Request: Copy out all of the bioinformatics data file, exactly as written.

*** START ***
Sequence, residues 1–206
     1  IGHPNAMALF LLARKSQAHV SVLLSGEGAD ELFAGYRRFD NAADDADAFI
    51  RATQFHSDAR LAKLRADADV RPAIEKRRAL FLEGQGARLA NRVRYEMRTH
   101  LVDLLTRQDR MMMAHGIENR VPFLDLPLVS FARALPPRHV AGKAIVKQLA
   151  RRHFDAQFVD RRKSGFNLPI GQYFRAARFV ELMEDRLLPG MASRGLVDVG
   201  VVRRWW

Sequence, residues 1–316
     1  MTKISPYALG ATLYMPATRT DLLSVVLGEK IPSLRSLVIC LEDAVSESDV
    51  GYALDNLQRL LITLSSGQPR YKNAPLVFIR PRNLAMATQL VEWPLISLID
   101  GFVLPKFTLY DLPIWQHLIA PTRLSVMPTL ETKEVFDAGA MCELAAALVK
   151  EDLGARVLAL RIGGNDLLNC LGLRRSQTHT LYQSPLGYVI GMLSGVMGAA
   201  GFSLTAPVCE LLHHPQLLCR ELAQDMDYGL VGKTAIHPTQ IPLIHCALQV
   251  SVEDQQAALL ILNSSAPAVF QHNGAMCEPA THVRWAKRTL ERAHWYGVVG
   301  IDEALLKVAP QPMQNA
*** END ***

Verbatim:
Sequence, residues 1–206
     1  IGHPNAMALF LLARKSQAHV SVLLSGEGAD ELFAGYRRFD NAADDADAFI
    51  RATQFHSDAR LAKLRADADV RPAIEKRRAL FLEGQGARLA NRVRYEMRTH
   101  LVDLLTRQDR MMMAHGIENR VPFLDLPLVS FARALPPRHV AGKAIVKQLA
   151  RRHFDAQFVD RRKSGFNLPI GQYFRAARFV ELMEDRLLPG MASRGLVDVG
   201  VVRRWW

Sequence, residues 1–316
     1  MTKISPYALG ATLYMPATRT DLLSVVLGEK IPSLRSLVIC LEDAVSESDV
    51  GYALDNLQRL LITLSSGQPR YKNAPLVFIR PRNLAMATQL VEWPLISLID
   101  GFVLPKFTLY DLPIWQHLIA PTRLSVMPTL ETKEVFDAGA MCELAAALVK
   151  EDLGARVLAL RIGGNDLLNC LGLRRSQTHT LYQSPLGYVI GMLSGVMGAA
   201  GFSLTAPVCE LLHHPQLLCR ELAQDMDYGL VGKTAIHPTQ IPLIHCALQV
   251  SVEDQQAALL ILNSSAPAVF QHNGAMCEPA THVRWAKRTL ERAHWYGVVG
   301  IDEALLKVAP QPMQNA